Objective: The aim of the present study was to develop and validate an appropriate tool to assess the social and emotional well-being (SEWB) of Indigenous adolescents participating in the longitudinal Aboriginal Birth Cohort (ABC) Study. Method: A range of tools was assessed as to the suitability of each for use in the ABC Study. Two existing tools and a newly developed one called 'Strong Souls' were piloted in a representative group (n = 67). Strong Souls was selected as the most appropriate for use in the ABC Study, and was completed by 361 participants. Exploratory factor analysis was used to explore construct validity. Cronbach alpha was used to assess the reliability of the latent constructs and the tool overall. Results: Factor analysis produced a 25-item, four-factor model accounting for 34.5% of the variance. This model demonstrated sound construct validity and reliability. Factor structure was consistent with the epidemiological literature, identifying constructs of anxiety, resilience, depression and suicide risk. While these align with observations in mainstream populations, different relationships between distinct factors, and differences in symptomatology were found in this population. For example, two key findings were: feelings of sadness and low mood were linked with anxiety and not depression; and the expression of anger was verified as a unique symptom of depression for Indigenous people. Conclusions: Strong Souls demonstrated validity, reliability and cultural appropriateness as a tool for screening for SEWB among Indigenous young people in the Northern Territory. � 2010 The Royal Australian and New Zealand College of Psychiatrists.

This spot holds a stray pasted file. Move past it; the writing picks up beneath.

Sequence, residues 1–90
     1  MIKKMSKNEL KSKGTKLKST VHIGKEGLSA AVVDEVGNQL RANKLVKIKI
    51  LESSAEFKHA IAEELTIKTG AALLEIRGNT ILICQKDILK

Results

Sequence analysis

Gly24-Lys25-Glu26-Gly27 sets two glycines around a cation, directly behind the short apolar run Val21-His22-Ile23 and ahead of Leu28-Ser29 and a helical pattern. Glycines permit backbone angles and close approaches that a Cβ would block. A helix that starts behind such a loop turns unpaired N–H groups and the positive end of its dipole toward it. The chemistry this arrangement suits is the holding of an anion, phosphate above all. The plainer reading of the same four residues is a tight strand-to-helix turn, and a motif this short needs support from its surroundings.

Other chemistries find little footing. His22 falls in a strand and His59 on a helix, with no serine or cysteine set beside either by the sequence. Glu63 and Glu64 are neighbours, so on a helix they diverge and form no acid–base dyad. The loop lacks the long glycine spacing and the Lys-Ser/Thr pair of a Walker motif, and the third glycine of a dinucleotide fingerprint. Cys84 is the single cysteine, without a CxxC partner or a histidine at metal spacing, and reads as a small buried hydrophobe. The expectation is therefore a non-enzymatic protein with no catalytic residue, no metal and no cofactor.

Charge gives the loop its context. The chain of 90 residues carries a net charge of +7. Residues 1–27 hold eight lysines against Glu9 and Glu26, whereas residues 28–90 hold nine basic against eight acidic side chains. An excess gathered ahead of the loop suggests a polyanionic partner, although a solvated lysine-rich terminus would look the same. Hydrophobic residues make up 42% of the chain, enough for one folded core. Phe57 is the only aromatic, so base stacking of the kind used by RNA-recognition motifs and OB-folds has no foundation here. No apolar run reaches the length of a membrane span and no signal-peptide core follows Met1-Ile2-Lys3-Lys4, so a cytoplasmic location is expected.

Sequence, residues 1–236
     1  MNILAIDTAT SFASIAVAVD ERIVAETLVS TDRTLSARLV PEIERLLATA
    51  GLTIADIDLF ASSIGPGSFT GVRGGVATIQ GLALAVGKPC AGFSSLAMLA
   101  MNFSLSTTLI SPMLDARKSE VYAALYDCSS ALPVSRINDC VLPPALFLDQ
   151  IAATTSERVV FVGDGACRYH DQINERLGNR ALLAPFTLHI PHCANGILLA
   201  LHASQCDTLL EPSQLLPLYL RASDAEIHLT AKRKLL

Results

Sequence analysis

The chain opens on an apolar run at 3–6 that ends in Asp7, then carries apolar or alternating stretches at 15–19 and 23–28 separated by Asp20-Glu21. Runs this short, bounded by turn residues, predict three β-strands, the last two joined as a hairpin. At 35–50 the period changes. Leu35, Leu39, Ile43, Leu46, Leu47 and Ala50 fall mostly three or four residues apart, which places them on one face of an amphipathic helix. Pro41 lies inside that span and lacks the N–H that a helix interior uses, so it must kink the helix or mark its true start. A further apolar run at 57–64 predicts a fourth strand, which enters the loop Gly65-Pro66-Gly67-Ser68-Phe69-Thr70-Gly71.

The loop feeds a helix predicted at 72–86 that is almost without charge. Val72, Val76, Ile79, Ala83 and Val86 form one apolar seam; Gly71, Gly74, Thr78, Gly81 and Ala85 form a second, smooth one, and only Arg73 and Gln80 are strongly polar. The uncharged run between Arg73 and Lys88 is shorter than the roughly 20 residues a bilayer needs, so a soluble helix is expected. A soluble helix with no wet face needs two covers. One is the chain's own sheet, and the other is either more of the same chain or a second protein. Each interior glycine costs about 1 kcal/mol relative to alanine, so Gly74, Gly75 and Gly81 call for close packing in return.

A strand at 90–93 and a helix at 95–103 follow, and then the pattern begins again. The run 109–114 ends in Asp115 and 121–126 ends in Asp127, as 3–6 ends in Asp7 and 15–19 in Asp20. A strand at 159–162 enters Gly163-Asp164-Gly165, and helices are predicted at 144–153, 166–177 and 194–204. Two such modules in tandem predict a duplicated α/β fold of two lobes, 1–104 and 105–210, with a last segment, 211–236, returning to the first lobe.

|Number of pages||9|
|Journal||Australian and New Zealand Journal of Psychiatry|
|Publication status||Published - 2010|
Thomas, A., Cairney, S., Gunthorpe, W., Paradies, Y., & Sayers, S. (2010). Strong Souls: development and validation of a culturally appropriate tool for assessment of social and emotional well-being in Indigenous youth. Australian and New Zealand Journal of Psychiatry, 44(1), 40-48.